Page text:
Asbestos Diseases

Though asbestos was thought to be a useful building material for many years, it poses a significant danger to humans. Asbestos is made up of tiny fibers that the human body cannot break down. These fibers can scar the inside of major organs and lead to long-term health problems. Outside of cancers, asbestos can cause serious issues like asbestosis and pleural effusions.

Asbestos and Deadly Diseases

Asbestos is a mineral found in rocky areas across the globe. It is naturally durable and resistant to heat and flame. These properties made it appealing for use in many industries. As a result, it was used for over a century to make buildings, ships, and a wide variety of construction materials and consumer products.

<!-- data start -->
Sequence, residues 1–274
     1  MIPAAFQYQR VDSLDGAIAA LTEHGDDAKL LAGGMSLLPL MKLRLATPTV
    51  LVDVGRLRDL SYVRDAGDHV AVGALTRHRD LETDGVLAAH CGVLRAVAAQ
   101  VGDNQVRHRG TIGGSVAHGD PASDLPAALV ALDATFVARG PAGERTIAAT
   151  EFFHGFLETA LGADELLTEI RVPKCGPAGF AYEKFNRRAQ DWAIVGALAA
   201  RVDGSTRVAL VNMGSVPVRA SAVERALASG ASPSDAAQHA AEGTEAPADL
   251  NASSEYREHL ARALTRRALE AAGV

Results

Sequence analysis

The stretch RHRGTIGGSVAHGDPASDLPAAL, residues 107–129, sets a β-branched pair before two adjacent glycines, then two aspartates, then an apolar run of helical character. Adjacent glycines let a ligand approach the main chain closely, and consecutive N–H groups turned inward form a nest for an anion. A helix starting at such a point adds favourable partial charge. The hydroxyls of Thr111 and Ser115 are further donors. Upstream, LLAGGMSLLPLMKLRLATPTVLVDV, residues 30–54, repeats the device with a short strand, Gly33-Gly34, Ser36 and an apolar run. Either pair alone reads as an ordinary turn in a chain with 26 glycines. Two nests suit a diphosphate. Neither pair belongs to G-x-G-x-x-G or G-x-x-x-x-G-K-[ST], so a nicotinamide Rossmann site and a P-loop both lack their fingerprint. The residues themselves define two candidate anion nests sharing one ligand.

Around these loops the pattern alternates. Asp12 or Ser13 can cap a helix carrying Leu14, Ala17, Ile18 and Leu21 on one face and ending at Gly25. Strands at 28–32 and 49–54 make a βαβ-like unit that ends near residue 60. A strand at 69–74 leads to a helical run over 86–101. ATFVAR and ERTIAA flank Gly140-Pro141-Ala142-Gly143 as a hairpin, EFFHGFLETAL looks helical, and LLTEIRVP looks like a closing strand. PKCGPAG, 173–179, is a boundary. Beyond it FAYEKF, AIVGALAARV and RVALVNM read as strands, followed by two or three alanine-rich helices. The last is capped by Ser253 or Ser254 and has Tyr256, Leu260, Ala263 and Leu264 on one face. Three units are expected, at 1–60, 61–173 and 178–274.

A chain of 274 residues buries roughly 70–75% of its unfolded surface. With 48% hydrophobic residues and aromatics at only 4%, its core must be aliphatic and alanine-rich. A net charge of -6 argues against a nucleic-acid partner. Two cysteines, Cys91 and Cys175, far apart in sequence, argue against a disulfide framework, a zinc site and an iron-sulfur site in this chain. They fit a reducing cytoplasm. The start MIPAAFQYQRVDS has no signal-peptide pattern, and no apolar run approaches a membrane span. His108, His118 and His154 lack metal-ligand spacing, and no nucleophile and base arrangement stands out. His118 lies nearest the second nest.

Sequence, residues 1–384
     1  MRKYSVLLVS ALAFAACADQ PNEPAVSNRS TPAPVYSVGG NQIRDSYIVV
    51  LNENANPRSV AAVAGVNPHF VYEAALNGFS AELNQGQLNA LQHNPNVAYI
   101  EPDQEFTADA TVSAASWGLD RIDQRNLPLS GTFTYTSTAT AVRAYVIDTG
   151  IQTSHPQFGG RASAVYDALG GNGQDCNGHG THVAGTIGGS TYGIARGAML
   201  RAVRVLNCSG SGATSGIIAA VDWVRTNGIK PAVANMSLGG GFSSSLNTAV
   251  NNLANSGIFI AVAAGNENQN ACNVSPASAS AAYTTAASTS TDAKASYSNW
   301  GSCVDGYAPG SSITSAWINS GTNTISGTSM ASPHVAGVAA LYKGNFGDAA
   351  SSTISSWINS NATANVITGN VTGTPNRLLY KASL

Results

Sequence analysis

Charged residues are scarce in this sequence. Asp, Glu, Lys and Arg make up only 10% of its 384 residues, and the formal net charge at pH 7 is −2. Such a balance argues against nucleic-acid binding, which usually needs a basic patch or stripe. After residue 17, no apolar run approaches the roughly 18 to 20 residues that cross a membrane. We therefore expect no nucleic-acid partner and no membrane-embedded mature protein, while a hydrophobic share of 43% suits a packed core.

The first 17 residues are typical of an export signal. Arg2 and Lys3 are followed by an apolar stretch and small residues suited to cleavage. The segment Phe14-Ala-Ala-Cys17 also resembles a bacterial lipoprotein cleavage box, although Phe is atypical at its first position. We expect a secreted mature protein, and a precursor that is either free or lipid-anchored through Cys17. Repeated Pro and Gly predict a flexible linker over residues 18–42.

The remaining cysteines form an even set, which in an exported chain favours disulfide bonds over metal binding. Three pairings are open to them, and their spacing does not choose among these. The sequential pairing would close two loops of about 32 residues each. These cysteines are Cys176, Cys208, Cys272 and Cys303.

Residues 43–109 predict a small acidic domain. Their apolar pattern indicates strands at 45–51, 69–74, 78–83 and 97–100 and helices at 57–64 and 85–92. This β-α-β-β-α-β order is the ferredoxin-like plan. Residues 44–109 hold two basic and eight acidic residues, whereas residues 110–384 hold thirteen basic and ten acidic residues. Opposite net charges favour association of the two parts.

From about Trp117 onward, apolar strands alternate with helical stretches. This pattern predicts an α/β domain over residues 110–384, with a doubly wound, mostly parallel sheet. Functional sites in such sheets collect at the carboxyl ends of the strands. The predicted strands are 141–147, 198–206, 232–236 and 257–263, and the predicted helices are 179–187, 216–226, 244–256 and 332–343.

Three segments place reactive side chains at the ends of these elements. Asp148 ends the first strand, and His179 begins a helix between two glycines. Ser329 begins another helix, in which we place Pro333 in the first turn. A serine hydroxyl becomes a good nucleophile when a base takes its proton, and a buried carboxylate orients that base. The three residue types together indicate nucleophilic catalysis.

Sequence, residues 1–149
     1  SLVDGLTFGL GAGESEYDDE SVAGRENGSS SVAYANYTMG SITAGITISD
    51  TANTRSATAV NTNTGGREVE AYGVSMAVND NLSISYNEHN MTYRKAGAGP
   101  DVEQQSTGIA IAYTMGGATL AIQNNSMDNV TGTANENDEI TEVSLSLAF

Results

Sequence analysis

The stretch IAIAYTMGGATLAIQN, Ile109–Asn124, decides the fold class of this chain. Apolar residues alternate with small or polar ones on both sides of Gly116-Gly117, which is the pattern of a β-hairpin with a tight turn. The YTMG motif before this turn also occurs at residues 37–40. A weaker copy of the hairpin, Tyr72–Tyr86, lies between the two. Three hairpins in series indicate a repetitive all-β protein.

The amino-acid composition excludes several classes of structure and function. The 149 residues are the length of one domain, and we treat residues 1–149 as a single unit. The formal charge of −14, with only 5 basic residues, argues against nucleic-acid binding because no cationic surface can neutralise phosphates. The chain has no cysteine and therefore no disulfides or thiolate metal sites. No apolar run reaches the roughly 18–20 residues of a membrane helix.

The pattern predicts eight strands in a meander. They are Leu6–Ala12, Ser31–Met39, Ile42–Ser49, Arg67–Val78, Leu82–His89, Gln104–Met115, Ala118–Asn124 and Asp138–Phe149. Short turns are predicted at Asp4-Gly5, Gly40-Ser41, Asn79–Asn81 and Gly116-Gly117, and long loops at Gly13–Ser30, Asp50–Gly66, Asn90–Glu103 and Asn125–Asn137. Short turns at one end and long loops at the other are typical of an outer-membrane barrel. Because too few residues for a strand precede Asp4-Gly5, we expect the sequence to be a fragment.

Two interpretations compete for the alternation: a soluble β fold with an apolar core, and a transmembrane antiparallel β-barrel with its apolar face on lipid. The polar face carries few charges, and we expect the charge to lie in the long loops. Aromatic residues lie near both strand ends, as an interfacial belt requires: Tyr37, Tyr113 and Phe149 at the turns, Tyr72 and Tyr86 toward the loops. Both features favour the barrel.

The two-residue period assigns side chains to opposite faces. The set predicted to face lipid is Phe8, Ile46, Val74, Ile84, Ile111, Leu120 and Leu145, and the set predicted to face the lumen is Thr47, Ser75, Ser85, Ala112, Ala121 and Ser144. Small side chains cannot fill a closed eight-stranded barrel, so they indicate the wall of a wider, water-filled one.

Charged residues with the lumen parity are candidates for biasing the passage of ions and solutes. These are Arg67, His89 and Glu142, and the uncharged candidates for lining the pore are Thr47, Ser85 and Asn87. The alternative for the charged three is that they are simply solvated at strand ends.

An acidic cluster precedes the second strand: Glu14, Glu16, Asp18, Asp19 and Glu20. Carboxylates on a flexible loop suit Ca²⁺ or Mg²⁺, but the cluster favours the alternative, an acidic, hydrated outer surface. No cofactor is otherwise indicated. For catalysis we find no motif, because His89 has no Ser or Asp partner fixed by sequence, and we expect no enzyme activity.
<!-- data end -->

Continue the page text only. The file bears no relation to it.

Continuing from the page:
“Because of its ability to insulate from heat and protect against fire, asbestos has been widely used as a building material. It has been especially important in the shipbuilding industry.”

– Centers for Disease Control and Prevention (CDC)

However, despite its wide use throughout much of the 20th century, it is now well-known that asbestos exposure can cause serious health issues if humans breathe in or swallow asbestos fibers. Outside of different kinds of cancer, asbestos exposure is also known to cause other devastating illnesses like asbestosis.

Asbestos-related diseases often take decades to develop, making them extremely difficult to detect while they are still treatable. To make matters worse, it is impossible to tell what asbestos-related disease — if any — will arise after exposure.

If you or someone you love was routinely exposed to asbestos through their job or military service, getting the facts about asbestos-related conditions is extremely important.